&& !char.IsUpper(casedWord[i - 1]))
            {
                result.Append(separator);
            }
            result.Append(casedWord[i]);
        }
        return result.ToString();
    }

    public static string Separate(string casedWord)
    {
        return Seperate(casedWord, " ");
    }

    public static string Hyphenate(string casedWord)
    {
        return Separate(casedWord, "-");
    }

    public static string ApplySpaces(string casedWord)
    {
        return Separate(casedWord, " ");
    }
}

You'll also notice the convenience Hyphenate method which is there for your, erm, convenience :)

Read more...

Text Helper Utility Part 1: C# Coalesce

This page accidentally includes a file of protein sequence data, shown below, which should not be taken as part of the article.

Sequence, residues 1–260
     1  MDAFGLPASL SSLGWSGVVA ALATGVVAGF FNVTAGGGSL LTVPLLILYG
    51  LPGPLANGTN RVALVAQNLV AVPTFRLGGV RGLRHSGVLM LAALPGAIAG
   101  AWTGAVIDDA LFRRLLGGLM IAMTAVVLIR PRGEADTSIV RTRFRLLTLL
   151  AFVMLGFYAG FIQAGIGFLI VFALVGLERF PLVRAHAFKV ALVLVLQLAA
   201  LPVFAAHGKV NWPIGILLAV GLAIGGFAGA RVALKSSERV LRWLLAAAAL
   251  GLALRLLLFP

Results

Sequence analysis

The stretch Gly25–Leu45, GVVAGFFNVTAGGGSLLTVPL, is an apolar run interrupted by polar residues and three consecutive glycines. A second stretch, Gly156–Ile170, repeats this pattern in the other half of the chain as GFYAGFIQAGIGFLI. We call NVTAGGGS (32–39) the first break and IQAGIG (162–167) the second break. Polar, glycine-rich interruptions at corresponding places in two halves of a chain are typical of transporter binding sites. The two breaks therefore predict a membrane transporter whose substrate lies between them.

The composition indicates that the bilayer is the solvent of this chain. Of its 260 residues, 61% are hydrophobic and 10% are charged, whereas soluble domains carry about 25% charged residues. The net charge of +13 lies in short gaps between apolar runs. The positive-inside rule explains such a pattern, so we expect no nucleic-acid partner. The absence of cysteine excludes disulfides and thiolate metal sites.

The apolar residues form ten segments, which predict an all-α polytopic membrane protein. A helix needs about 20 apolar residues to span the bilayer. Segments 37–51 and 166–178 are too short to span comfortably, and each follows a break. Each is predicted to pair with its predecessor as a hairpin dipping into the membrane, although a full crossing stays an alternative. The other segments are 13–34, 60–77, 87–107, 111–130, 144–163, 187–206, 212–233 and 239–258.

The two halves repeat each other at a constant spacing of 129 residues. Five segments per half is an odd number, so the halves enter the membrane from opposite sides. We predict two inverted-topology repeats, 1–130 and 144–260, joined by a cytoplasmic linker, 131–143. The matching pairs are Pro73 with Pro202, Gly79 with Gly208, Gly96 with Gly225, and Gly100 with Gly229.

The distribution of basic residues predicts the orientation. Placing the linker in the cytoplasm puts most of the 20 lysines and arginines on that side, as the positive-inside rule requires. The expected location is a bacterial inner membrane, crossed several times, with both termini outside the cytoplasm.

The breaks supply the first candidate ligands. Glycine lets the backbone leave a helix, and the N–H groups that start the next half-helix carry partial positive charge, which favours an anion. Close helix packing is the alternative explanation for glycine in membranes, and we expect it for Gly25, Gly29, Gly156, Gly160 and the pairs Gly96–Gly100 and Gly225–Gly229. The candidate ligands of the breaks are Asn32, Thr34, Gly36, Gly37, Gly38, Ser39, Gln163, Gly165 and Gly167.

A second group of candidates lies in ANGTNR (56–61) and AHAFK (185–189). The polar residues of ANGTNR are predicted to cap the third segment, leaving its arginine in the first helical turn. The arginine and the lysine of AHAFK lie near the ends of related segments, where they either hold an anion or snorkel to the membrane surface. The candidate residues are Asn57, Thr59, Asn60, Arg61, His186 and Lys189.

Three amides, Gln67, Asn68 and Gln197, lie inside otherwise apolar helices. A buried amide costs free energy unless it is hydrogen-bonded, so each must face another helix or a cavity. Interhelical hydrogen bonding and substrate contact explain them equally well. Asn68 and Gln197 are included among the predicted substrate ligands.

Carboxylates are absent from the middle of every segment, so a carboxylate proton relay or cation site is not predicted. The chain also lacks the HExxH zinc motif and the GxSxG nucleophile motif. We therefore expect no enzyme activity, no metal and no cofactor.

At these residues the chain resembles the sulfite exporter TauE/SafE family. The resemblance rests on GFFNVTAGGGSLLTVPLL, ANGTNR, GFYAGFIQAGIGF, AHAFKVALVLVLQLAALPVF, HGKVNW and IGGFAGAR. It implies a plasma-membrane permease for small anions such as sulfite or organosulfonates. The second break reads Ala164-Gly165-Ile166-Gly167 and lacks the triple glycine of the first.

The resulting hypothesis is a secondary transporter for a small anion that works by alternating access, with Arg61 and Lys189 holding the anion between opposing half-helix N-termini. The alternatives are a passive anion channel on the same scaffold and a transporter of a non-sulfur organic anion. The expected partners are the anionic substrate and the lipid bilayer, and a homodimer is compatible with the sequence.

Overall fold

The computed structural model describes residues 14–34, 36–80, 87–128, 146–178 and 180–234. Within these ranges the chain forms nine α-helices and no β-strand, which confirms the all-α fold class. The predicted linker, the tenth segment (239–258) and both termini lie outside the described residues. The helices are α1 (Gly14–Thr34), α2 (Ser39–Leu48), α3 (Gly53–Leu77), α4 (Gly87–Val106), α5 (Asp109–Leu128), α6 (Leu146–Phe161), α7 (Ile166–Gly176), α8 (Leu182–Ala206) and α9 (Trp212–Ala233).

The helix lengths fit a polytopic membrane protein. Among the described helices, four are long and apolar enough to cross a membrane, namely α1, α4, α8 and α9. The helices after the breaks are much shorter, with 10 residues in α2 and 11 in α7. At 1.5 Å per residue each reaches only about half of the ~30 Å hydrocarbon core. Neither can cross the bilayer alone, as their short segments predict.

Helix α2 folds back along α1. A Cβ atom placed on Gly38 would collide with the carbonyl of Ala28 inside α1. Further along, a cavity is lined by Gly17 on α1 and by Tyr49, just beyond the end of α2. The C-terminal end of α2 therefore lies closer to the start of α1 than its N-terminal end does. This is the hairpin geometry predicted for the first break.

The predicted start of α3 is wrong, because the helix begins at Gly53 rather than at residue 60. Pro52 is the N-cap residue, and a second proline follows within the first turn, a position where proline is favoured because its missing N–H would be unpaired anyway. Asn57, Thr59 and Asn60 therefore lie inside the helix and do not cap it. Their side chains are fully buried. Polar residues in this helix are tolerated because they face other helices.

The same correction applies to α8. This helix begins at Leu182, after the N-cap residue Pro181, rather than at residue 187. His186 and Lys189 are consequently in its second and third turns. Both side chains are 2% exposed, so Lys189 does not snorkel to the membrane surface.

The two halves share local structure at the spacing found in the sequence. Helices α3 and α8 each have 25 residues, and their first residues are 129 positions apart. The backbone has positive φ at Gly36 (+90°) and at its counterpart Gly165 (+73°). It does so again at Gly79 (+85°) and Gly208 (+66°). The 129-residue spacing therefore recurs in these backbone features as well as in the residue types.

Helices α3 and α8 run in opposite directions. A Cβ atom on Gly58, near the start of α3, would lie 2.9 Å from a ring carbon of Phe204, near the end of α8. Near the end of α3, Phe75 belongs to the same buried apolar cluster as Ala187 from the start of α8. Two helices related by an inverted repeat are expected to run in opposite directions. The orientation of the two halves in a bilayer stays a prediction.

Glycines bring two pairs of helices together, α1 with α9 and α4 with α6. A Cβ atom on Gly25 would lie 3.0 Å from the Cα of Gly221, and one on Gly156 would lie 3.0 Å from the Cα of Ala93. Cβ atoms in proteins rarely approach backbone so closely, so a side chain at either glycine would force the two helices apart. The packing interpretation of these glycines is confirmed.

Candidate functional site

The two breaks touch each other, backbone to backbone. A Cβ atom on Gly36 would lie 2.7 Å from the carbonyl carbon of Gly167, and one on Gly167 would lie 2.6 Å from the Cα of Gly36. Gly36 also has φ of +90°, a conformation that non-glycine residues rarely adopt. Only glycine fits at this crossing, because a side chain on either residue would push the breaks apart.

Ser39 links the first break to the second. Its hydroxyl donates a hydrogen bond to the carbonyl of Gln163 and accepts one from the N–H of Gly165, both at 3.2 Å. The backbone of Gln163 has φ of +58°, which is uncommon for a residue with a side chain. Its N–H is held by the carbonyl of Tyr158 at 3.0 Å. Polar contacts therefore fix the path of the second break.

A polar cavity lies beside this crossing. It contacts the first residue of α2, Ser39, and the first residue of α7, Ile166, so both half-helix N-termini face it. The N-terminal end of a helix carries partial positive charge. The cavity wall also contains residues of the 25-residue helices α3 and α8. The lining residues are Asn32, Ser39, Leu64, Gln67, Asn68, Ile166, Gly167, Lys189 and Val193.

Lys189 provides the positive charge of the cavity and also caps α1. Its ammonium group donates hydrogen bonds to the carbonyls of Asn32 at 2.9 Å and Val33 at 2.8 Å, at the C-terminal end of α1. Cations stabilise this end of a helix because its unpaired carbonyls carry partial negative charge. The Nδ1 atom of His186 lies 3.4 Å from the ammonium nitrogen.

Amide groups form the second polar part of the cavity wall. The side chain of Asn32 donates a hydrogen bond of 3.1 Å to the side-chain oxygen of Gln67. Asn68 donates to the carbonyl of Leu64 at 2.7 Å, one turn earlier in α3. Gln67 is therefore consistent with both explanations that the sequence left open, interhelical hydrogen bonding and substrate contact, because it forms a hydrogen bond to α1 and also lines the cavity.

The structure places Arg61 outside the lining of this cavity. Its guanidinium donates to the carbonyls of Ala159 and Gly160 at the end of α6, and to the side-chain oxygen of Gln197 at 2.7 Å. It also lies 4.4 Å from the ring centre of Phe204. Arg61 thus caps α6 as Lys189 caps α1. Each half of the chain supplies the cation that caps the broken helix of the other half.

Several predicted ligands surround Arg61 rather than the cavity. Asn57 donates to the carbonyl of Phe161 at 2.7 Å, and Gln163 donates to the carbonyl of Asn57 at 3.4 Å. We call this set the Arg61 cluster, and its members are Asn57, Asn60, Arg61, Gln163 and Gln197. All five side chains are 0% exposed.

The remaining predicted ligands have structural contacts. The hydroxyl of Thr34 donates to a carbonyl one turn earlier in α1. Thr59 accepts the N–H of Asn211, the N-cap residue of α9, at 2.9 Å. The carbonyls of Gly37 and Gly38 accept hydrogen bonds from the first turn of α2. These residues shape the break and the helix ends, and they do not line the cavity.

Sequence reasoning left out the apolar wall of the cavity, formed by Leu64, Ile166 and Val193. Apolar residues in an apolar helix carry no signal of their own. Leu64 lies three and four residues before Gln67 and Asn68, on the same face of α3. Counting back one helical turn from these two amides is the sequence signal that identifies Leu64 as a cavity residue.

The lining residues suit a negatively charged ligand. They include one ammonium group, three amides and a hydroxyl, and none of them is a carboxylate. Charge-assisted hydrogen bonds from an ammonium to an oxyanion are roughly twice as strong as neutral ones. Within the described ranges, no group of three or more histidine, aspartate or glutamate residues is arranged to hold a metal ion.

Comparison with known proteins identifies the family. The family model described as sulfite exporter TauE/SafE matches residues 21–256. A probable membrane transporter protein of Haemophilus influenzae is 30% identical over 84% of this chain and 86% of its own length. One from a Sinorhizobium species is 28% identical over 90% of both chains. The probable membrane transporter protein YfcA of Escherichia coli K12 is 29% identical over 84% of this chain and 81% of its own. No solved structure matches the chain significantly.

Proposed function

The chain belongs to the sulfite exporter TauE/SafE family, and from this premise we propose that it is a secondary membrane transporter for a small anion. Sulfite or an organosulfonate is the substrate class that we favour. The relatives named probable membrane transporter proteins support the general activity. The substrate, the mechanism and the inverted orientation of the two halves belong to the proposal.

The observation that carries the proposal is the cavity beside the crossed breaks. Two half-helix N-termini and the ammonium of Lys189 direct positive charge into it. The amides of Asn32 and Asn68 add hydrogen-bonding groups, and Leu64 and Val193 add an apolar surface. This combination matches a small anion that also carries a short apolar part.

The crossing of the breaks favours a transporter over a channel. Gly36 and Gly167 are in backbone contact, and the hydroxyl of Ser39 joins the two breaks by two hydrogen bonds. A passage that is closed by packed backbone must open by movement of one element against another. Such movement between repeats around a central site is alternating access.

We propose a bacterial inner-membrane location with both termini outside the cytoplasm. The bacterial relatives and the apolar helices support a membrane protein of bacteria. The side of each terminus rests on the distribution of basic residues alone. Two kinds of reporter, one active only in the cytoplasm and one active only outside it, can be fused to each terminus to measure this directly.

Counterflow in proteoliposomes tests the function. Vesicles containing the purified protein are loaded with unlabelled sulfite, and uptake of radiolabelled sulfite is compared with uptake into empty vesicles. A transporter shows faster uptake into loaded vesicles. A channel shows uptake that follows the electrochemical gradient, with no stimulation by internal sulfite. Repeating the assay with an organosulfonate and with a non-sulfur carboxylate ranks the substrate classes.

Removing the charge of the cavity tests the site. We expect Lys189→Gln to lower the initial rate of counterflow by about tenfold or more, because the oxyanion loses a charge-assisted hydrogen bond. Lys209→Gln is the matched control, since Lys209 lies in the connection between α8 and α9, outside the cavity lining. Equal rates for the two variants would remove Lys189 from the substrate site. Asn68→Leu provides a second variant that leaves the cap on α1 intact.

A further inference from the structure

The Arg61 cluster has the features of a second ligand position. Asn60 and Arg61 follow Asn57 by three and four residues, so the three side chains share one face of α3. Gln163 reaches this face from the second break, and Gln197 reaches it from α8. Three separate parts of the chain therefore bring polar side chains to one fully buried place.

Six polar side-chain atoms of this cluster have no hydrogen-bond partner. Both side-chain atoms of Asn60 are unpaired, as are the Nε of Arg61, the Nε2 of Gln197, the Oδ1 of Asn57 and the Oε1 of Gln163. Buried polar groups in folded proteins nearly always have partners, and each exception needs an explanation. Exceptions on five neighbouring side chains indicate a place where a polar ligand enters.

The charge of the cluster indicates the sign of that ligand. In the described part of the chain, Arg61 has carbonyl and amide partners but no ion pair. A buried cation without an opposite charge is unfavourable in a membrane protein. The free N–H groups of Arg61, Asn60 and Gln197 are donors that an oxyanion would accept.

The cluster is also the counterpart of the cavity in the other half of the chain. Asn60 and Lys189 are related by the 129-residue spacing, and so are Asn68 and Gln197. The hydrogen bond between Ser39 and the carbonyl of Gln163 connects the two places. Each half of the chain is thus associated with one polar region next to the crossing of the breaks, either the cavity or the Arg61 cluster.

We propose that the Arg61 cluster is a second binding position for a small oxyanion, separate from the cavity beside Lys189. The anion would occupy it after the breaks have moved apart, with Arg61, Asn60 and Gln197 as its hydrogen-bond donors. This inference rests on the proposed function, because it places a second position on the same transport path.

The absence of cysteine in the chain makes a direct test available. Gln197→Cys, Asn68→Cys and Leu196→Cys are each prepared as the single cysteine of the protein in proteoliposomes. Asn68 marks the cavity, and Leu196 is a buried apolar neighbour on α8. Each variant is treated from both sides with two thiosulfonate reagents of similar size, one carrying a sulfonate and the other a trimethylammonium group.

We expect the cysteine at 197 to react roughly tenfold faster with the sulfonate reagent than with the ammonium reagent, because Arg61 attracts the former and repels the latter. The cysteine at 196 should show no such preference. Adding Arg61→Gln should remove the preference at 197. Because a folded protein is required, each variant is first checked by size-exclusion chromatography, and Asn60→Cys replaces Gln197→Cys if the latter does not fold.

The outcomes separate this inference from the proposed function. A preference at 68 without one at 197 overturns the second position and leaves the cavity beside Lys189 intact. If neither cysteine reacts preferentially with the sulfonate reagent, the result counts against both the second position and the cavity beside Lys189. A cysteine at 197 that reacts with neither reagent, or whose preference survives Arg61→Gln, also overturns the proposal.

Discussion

I thought that I should start with something simple, yet useful, to get the blogging juices flowing. So I'm going to write about some of the utility and helper classes I deal with on a day to day basis; The TextHelper.

TextHelper is static helper class containing useful methods for dealing with text and strings.

Existing language functionality:

The first method, and the one I use the most, is a spin off of the Transact-SQL COALESCE function. It adheres to the same principle as the SQL version in that it takes a variable number of arguments, and returns the first non-null, and in our case non-empty, argument. The T-SQL version is used along the lines of:

COALESCE([Col0], [Col1], 'None')

Since C# 2.0, we've also had the coalesce operator; a very handy operator, which can save a lot of if ... else statements. It is used to return the first object that is not null like so:

MyObject a = null; 
MyObject b = new MyObject(); 
MyObject c = a ?? b;`

In the example above, b is the first non-null argument, and is assigned to the variable c.

Why another Coalesce method?